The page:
And when he got to the pipes, the cat popped out of the end of one of them, and she ran ahead of David, with her bushy tail sticking straight up in the air, and David walked along to his house.

And that's all.


Ring o' Roses  by L. Leslie Brooke

Simple Simon


Simple Simon met a pieman,

Going to the fair;


Says Simple Simon to the pieman,

"Let me taste your ware."


Says the pieman to Simple Simon,

"Do you mean to pay?"

Says Simon, "Yes, of course I do!"

And then he ran away.


Simple Simon went a-fishing

For to catch a whale:


All the water he had got

Was in his mother's pail.


  WEEK 29  


The Nursery Book of Bible Stories  by Amy Steedman

The Work of the King

A T last the time came when Jesus must leave the little quiet Nazareth village, and begin His Father's work. There were so many poor people in the dark world waiting for the Light, so much suffering and pain and sin waiting for the healing touch of His hand and His gracious word of forgiveness.

But although He was God, the Light of the world, who could forgive sins, yet He was Man too, and He never saved Himself from any of our hardships and temptations. The devil tempted Him just as he tempts each one of us now; and He often suffered hunger and pain, and many a night He had no place in which to shelter, or pillow on which to lay His head.

The story of His wonderful work has often been told—how He opened the eyes of poor blind men, healed the sick, fed the hungry, comforted the sorrowful, brought back life to the dead, and, more than all, taught people to know that God was their Father, and loved each one of them. But among all the stories of this wonderful life, children always love to remember the special times when Jesus had time to think of them, and to speak to them as well as to the grown-up people, and how the children of long ago showed their love for Him as well.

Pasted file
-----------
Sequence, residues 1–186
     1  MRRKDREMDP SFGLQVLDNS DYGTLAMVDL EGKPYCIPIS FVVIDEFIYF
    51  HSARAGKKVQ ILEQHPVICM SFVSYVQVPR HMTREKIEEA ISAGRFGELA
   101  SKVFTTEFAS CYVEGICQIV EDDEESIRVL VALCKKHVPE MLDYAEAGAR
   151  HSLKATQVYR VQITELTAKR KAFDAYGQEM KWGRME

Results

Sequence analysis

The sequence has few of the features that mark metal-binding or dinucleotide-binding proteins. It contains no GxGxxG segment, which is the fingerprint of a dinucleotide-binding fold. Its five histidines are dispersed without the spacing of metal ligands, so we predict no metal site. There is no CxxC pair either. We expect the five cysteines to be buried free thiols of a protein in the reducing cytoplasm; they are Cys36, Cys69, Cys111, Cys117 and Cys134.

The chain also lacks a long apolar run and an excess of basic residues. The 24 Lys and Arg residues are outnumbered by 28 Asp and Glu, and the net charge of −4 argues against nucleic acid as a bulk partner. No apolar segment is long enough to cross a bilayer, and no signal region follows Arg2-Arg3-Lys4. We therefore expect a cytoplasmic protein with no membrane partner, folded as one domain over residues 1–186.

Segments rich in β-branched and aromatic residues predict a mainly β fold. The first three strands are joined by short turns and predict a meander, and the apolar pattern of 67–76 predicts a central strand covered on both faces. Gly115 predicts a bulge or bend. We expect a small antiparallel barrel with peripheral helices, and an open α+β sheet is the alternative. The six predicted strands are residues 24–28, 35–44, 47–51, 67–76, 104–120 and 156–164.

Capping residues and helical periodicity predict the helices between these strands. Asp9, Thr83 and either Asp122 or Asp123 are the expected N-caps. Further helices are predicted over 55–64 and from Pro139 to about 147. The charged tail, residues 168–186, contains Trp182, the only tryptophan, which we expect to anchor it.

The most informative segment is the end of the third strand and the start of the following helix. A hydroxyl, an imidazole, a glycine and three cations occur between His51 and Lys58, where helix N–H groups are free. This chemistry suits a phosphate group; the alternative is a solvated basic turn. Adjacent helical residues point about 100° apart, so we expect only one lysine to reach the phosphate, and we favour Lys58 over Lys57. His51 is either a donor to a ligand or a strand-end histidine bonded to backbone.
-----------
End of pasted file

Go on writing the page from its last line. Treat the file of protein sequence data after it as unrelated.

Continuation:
It was one day when Jesus was passing a little village that He sat down to rest for a while under the cool shade of a wayside tree. He was very weary, and His disciples and friends who were with Him were anxious that He should rest quietly, and that no one should disturb Him.

But the village people had heard that the great Teacher was there, and the joyful news quickly spread from house to house. The women hastily called the children together from their play. The little ones who could not walk they carried in their arms; even the tiniest babies were not left behind. These mothers knew how good and kind and wonderful this great Teacher was. They had heard how the very touch of His hand healed the sick and gave sight to the blind, and they wanted Him to lay those loving hands upon their children's heads, for they knew that His touch would bring a blessing.

Very soon a crowd had gathered, and began to move towards the place where Jesus was. The barefooted children in their scanty little garments pattered along the dusty road; the women in their coarse red and blue robes, with bright handkerchiefs over their heads, followed behind, carrying the babies in their arms. All hurried towards the place where that tired figure could be seen resting at the wayside.

The disciples of the Master frowned as they saw the approaching crowd. This was too bad. If there were sick people to be healed or anxious men who wanted to hear the Master's wise words, it would have been more easily excused. But to disturb Him for nothing more than a crowd of children and babies was more than they could bear. The women should have known better than to allow their children to come there and trouble the Master.